Introduction: poverty in early modern history

Hitchcock, D. and McClure, J. (2020) Introduction: poverty in early modern history. In: Hitchcock, D. and McClure, J. (eds.) Routledge History of Poverty, c. 1450-1800. Series: Routledge histories. Routledge: Abingdon, Oxon ; New York, NY, xvi-xxvii. ISBN 9781138555006 (doi:10.4324/9781315149271-111)

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This chapter examines the history of poverty during the early modern period and, in doing so, only deepens understandings of poverty but also offers critical reflections on the changes taking place between approximately 1450 and 1800. It interrogates the traditional 'confessional division' of relief in Protestant and Catholic states by deploying a range of evidence that cuts across both state archives and religious lines. Far from being timeless universals, the concept of poverty and the composition of ‘the poor’ are continuously made and remade by every society. In the nineteenth century Karl Marx provided perhaps the most enduring and influential theory of historical change. Histories of poverty and theories of historical transformation are clearly and inextricably linked, but the prevailing interpretation of these links continuously changes. While poverty in the Middle Ages was seen as a sacred condition, in the sixteenth century it was increasingly viewed as a social problem.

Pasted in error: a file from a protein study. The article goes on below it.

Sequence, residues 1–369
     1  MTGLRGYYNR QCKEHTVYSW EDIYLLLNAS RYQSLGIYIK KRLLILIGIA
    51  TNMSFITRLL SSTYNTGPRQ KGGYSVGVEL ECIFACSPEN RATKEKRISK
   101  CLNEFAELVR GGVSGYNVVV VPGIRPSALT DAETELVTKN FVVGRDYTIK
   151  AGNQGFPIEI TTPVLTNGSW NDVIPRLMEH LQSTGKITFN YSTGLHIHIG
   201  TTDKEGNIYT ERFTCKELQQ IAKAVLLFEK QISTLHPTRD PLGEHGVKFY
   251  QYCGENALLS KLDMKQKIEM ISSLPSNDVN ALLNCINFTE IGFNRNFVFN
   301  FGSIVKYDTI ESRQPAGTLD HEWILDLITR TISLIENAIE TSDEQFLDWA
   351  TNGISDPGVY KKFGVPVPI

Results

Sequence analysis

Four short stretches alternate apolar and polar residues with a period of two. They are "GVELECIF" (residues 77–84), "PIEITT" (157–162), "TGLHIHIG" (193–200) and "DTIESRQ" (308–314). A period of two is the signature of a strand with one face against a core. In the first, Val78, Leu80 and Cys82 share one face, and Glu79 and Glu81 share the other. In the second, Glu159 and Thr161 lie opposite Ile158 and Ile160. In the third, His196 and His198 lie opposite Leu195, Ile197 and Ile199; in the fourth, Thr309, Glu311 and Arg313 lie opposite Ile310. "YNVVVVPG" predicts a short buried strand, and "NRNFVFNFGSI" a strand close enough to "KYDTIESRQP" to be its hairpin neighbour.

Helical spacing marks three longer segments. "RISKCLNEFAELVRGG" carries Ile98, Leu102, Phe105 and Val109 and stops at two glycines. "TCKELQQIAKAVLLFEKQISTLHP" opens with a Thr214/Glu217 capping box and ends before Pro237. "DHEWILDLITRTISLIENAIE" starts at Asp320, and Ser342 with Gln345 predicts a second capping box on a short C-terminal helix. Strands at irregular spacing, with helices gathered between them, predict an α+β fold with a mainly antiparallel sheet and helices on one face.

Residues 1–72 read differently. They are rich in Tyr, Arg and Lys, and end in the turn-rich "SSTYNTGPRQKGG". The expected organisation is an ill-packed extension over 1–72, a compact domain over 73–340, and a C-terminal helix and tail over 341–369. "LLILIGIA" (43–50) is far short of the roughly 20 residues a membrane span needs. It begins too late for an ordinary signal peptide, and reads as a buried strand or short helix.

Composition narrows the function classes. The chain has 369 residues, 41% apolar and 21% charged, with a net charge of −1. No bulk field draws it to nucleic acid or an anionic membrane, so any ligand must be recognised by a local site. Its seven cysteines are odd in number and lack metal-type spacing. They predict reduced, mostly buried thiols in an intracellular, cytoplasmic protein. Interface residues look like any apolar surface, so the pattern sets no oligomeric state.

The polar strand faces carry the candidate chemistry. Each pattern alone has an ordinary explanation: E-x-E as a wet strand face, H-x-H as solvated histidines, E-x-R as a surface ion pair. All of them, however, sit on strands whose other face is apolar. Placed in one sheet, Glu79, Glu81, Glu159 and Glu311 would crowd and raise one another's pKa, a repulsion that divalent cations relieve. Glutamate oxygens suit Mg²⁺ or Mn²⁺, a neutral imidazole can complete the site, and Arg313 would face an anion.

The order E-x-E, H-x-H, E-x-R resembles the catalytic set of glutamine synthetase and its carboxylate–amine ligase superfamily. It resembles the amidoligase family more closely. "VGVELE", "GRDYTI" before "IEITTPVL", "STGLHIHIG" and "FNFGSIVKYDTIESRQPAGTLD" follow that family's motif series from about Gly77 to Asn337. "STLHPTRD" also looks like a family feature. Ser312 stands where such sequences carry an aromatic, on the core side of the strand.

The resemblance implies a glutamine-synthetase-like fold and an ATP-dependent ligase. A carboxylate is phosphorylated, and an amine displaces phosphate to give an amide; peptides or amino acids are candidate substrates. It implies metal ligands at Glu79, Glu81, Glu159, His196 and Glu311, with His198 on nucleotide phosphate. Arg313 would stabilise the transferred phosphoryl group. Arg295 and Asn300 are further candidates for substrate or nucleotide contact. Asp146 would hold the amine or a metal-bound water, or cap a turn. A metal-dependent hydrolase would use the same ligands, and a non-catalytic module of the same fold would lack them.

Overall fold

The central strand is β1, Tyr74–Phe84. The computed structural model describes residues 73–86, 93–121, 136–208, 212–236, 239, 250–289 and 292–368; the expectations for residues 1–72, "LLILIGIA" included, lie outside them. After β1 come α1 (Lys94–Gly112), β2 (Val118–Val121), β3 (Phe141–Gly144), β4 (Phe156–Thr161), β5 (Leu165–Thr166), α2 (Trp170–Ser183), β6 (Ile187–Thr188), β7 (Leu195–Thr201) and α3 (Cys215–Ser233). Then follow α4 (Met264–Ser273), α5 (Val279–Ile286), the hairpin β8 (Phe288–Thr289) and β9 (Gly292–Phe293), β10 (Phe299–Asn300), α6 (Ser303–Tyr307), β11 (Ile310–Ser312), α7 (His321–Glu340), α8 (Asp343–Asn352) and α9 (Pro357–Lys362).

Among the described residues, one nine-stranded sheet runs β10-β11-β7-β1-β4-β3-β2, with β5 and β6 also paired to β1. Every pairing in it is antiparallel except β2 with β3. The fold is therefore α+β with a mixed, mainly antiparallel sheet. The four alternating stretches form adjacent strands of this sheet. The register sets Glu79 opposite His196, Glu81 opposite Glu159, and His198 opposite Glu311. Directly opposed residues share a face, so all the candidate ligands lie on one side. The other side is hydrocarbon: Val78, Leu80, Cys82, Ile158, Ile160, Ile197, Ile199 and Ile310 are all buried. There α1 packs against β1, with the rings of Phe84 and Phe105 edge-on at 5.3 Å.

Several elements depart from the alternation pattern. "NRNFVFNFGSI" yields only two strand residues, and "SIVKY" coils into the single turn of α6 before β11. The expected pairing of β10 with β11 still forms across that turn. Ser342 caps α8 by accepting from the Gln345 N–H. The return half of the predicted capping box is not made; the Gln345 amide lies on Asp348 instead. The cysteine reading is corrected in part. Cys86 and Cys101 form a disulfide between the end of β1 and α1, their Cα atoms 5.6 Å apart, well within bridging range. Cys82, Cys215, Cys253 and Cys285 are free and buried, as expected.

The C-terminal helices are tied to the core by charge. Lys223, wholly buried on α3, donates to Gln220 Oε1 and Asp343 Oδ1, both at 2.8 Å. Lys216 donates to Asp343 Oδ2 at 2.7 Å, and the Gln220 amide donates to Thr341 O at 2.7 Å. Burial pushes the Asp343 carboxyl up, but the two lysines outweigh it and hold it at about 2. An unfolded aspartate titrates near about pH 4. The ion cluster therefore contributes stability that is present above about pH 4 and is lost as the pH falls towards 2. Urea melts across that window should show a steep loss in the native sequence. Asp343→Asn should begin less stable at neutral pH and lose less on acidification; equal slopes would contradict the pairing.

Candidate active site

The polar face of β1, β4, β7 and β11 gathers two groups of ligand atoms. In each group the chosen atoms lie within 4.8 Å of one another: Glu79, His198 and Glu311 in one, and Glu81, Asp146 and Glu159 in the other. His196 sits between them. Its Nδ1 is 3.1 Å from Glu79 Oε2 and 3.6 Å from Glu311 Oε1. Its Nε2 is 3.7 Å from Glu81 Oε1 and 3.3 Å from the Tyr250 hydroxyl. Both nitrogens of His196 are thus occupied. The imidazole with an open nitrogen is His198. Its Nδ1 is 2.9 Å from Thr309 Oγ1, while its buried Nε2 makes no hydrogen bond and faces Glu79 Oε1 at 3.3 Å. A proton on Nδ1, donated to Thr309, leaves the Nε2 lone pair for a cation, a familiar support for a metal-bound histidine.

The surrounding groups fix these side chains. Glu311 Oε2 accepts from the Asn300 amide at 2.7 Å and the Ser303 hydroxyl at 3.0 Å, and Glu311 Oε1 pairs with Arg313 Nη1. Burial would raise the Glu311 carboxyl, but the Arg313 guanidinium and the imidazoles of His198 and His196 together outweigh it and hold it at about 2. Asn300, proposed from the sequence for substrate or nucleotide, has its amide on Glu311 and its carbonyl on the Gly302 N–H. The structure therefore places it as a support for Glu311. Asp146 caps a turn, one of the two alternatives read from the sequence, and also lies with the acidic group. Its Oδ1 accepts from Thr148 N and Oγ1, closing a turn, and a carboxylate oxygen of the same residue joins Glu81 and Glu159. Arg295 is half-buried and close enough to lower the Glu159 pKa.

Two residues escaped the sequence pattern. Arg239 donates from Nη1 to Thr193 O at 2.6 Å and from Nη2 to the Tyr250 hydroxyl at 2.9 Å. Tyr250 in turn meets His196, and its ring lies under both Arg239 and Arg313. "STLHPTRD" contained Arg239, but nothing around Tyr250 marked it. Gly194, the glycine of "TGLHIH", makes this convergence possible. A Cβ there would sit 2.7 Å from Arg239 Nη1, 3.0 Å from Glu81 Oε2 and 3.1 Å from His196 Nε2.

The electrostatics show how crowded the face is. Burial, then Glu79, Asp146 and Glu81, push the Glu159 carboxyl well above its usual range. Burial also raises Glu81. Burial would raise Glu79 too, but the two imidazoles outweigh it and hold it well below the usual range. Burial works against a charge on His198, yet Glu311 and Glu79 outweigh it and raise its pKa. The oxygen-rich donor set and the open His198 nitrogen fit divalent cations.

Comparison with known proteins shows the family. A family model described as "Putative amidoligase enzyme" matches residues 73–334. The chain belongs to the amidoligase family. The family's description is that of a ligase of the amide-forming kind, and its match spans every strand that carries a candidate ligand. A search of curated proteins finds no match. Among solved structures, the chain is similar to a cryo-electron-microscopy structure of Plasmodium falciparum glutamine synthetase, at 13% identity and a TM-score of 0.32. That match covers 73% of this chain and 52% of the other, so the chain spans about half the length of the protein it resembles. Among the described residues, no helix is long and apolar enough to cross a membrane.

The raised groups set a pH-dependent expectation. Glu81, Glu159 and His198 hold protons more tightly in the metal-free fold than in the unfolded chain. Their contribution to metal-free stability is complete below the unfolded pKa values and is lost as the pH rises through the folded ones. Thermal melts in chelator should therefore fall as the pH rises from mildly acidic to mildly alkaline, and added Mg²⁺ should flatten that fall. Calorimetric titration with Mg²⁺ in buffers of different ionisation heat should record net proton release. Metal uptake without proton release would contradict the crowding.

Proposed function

Item Type:Book Sections (Introduction)
Glasgow Author(s) Enlighten ID:McClure, Dr Julia
Authors: Hitchcock, D., and McClure, J.
College/School:College of Arts > School of Humanities > History
Published Online:31 December 2020

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